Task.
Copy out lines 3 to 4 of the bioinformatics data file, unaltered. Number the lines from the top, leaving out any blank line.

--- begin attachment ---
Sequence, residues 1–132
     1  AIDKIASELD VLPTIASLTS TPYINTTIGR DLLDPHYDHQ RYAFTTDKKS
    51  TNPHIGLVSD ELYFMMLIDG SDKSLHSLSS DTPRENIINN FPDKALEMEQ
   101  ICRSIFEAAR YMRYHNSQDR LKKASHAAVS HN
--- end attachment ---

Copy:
    51  TNPHIGLVSD ELYFMMLIDG SDKSLHSLSS DTPRENIINN FPDKALEMEQ
   101  ICRSIFEAAR YMRYHNSQDR LKKASHAAVS HN